Above all, I wish the record had been longer. The entire project totals at 21 minutes and I’m surprised it lasted that long. Many of these ideas felt like they could’ve made better songs, but instead they come across as unfinished demo’s. I can’t help but feel that “17” would’ve made a much better EP. Combine a few acoustic tracks, combine a few low-key raps, and combine the interlude and outro and we’re left with five excellent songs. But XXXTentacion moved 70k in the first week, so the LP is a clear commercial success.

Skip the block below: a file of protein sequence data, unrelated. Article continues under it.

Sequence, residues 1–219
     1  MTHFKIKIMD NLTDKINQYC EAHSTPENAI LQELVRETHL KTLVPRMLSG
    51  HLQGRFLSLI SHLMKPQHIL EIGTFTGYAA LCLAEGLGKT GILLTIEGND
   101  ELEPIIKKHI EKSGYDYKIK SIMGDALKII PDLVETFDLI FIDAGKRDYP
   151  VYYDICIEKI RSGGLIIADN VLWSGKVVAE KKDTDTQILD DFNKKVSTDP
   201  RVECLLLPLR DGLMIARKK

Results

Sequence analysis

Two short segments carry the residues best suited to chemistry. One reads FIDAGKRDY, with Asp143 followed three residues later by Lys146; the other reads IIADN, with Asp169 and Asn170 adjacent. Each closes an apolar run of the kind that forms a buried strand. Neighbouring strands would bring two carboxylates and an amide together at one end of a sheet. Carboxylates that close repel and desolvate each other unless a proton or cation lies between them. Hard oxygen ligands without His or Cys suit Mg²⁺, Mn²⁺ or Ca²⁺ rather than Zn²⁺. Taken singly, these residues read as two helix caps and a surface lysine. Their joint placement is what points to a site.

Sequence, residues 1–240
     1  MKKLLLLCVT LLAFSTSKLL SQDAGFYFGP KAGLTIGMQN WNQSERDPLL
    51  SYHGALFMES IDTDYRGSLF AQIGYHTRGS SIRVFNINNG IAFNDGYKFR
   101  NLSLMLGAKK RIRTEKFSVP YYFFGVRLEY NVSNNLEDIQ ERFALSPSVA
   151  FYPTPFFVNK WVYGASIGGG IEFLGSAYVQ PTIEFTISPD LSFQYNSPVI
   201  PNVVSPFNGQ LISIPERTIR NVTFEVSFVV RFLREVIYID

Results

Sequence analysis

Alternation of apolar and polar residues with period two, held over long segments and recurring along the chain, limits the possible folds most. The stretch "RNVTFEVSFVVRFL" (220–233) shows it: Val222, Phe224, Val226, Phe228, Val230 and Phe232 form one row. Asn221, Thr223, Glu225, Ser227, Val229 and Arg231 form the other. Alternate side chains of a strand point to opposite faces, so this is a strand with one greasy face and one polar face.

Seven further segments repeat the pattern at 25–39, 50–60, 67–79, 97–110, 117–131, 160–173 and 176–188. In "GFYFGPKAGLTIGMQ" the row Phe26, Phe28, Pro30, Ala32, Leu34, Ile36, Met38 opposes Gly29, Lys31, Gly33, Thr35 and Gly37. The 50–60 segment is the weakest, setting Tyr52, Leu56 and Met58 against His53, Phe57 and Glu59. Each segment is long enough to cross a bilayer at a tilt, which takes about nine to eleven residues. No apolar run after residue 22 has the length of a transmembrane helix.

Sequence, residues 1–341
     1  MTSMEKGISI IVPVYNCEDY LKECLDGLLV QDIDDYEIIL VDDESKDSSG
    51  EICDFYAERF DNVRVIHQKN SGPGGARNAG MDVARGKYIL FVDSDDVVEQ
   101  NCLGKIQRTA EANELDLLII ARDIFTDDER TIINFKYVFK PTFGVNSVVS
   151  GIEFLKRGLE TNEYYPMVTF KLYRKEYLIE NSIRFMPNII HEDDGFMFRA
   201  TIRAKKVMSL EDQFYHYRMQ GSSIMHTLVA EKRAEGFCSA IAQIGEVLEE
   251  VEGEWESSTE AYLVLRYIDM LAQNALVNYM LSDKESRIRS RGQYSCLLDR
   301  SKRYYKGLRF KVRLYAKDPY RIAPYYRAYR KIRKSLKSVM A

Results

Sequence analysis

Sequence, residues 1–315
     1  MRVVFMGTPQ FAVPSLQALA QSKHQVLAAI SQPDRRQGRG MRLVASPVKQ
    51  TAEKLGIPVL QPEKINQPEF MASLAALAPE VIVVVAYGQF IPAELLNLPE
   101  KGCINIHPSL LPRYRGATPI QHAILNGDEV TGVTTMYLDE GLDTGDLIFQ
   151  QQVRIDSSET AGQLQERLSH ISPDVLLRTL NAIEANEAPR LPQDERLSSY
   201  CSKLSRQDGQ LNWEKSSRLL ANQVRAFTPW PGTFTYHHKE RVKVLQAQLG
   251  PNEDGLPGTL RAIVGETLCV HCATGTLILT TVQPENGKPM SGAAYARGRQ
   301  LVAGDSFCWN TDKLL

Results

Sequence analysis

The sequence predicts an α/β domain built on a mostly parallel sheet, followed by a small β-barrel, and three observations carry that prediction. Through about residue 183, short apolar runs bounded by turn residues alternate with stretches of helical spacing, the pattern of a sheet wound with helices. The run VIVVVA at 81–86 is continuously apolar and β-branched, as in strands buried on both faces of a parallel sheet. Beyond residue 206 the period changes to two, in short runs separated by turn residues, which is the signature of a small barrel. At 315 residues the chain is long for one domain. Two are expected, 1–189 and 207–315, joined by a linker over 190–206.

“17” isn’t a record for the beginner, or even the casual fan. For X’s devoted fanbase, though, it provides an excellent and much desired peak into the psyche of the troubled young teen, who, above all, values honesty in his music. The production is week at times, and the lyricism ranges anywhere from bold and impressive to pretentious and whiny. I did enjoy this record in places, though, and where it shines, its bright! There’s a lot of promise here. I only hope that the follow up finds X in a bit better mental state, and ready to deliver a more consistent LP that will thrill from start to finish.